MU Director On Media Ethics Using Refugee, Migrant Photos

Choosing and publishing images of refugees, migrants and people in distress is both painful and difficult, notably when they’re graphic and reach various audiences across multiple media platforms in record time.

The image as symbol (courtesy “A Sea of Images”)

Weighty decisions may lead to photos becoming icons and symbols representing all other victims as that of Aylan Kurdi, the Syrian toddler lying face down on a Turkish beach in 2015 that went viral in just three hours.

Media Unlimited director Magda Abu-Fadil discussed the ethical implications and how such pictures can also be (mis)used by politicians to score points and advance their own agendas.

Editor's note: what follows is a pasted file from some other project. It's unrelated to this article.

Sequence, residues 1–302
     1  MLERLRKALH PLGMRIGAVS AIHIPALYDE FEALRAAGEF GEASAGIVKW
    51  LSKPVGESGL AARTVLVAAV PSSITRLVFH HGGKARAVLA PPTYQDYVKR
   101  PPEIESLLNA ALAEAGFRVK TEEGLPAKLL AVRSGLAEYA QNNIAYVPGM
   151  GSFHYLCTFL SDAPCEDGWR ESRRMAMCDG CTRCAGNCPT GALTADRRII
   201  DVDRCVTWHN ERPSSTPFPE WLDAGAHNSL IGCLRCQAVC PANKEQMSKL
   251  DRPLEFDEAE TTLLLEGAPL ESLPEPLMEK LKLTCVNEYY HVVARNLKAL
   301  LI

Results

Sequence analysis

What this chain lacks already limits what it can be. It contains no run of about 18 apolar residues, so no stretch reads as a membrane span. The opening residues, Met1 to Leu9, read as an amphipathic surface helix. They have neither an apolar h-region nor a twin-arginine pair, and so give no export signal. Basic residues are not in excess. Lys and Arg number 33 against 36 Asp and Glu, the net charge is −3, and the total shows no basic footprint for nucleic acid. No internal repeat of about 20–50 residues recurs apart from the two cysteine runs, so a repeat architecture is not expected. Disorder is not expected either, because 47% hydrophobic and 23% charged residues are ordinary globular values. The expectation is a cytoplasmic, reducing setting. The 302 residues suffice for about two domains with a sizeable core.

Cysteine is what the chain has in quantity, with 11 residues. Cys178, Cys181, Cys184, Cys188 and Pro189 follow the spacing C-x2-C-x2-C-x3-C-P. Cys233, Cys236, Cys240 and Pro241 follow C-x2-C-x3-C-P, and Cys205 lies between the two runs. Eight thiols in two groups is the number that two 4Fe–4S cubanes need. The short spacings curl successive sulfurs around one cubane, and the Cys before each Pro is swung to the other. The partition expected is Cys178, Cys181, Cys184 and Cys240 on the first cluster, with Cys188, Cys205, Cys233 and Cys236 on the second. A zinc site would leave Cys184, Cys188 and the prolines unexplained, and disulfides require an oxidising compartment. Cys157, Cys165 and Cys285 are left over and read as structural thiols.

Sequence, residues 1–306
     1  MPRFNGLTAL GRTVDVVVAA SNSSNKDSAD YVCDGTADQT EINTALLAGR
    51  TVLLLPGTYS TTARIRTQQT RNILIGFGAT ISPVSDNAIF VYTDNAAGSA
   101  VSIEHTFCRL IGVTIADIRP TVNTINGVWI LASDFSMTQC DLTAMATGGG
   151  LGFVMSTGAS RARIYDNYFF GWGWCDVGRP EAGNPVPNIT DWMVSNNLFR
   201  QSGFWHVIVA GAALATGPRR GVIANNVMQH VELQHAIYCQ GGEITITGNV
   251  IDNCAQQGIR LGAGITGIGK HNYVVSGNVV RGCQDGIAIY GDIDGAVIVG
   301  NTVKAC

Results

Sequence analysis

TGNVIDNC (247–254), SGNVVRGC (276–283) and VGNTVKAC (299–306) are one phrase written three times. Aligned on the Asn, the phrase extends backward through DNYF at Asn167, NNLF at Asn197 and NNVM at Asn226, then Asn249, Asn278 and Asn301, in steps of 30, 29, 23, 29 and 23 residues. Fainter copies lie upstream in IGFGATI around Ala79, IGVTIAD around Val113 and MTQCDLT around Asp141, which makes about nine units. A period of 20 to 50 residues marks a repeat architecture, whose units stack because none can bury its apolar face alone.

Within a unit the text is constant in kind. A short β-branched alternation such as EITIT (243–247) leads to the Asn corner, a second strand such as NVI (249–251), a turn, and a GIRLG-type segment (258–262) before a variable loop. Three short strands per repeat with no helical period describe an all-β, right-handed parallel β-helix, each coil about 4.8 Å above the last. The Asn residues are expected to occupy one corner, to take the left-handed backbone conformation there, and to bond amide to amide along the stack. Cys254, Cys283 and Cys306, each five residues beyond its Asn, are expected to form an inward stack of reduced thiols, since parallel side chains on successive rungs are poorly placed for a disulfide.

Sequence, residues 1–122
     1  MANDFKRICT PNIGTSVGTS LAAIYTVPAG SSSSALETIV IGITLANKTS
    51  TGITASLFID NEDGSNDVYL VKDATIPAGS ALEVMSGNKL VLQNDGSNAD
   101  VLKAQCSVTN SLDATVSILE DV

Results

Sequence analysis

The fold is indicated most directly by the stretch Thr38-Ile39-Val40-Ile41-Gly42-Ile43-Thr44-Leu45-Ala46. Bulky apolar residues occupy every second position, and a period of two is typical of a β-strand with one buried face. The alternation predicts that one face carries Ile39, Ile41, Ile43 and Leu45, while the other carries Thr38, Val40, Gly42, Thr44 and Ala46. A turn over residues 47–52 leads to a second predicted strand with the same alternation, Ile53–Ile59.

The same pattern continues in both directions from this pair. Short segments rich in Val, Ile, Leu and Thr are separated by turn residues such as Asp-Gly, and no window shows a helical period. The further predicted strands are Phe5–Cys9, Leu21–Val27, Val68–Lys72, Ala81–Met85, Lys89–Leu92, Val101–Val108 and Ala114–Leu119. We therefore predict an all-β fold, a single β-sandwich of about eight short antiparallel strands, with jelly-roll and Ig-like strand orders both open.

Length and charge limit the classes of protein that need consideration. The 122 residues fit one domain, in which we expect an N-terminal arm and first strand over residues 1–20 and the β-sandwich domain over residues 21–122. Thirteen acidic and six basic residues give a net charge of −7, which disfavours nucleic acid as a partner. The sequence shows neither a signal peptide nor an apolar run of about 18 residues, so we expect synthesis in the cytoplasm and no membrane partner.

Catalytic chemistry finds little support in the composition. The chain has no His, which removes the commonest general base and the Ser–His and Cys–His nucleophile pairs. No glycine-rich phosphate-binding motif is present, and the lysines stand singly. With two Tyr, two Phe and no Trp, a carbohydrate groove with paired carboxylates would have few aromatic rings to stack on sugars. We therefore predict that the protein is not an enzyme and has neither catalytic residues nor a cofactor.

Magda Abu-Fadil (left) discusses the ethics of using photos of migrants, refugees (courtesy Tom Law)

The topic made for an animated discussion during “Movie Night” hosted by the Ethical Journalism Network (EJN)  at the December 2017 Arab Reporters for Investigative Journalism’s (ARIJ) annual conference in which she participated as a panelist.

The movie in question was “A Sea of Images,” a documentary on how media tackle migrants and refugees from the Middle East and Africa fleeing their troubled lands in a perilous journey across the Mediterranean Sea to Europe.

The film, produced by Misja Pekel and Maud van de Reijt, is part of a series for Dutch public television that examined the connection between media and public opinion.

How do editors decide what photos to publish? (courtesy A Sea of Images)

 Refugee fatigue, she argued in the discussion following the film’s showing, can affect journalists’ and editors’ judgment in their choice and dissemination of images, with ethics falling by the wayside.